Healthcare ETFs Hold Their Ground As Stocks Selloff On Poor Data

While stocks struggled anew on Wednesday, relinquishing most of the gains of the prior day, amid poor data and renewed coronavirus concerns, the healthcare sector had some shining stars.

Shares of Johnson and Johnson stock jumped higher on Tuesday after the healthcare company beat Wall Street’s first-quarter estimates, despite the fact that the medical behemoth revised its full-year outlook.

Q1 featured strong pharmaceutical and consumer health sales for JNJ, but revenue from medical devices plummeted as patients procrastinated on necessary procedures amid panic related to the coronavirus COVID-19 pandemic.

“We would be curious to hear whether (company guidance) assumes continued strength/growth in pharma and consumer for 2020,” Evercore ISI analyst Vijay Kumar said in a report to clients. “If so, it would imply a significant deceleration in MedTech for the rest of the year.”

For the first quarter, Johnson & Johnson made $2.30 a share, minus some items, on $20.7 billion in sales. On a year-over-year basis, earnings climbed a healthy 9.5% excluding the impact of exchange rates, as sales rallied 3.3%, easily beating the average estimate of analysts polled by Zacks Investment Research for Johnson & Johnson earnings of $2.08 per share on $19.66 billion.

“Johnson & Johnson is built for times like this, and we are leveraging our scientific expertise, operational scale and financial strength in the effort to advance the work on our lead COVID-19 vaccine candidate,” Chief Executive Alex Gorsky said in a written statement.

United Health Care was another winner on Wednesday, rallying 4.13% after the company released earnings. First-quarter 2020 net earnings were $3.52 per share and adjusted net earnings were $3.72 per share, suggesting that there was very little impact on the company from the progression of the COVID-19 virus across the U.S. given various factors that only emerged late in the quarter,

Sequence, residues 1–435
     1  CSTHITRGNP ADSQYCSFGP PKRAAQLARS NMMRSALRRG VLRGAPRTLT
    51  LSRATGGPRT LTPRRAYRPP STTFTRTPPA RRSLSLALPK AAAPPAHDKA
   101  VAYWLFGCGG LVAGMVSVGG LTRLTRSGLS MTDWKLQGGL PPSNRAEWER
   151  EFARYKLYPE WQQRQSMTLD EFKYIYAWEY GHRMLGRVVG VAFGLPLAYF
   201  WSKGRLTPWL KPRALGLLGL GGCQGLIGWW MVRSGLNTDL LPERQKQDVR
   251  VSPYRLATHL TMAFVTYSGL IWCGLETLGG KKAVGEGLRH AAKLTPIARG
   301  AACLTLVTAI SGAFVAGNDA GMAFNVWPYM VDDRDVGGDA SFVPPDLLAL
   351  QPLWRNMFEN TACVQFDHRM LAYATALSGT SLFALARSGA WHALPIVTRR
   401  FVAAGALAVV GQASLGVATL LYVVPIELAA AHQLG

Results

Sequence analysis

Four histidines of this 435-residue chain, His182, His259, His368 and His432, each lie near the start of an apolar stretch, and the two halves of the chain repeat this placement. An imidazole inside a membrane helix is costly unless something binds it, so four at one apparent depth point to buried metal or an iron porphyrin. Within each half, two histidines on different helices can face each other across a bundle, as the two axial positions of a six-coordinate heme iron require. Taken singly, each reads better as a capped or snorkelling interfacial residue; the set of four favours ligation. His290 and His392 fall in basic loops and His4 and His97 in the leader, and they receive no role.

“From the outset of the COVID-19 pandemic, our singular priority has remained clear: the health, safety, and support of the people and communities we serve, including our dedicated team of 325,000 people and the heroic members of the health care workforce, and the reliability and sustainability of health care delivery systems,” said David S. Wichmann, chief executive officer of UnitedHealth Group.

Healthcare ETFs that contained the stocks were relatively robust in comparison to the benchmark indexes, which finished down 1.5-2% across the board.

In contrast, the Health Care Select Sector SPDR Fund (XLV) was down only 0.51% and includes JNJ, UNH, and PFE. The iShares U.S. Healthcare ETF (IYH), which also shares those holdings was down 0.46%. The Vanguard Health Care Index Fund ETF Shares (VHT) was down 0.81%.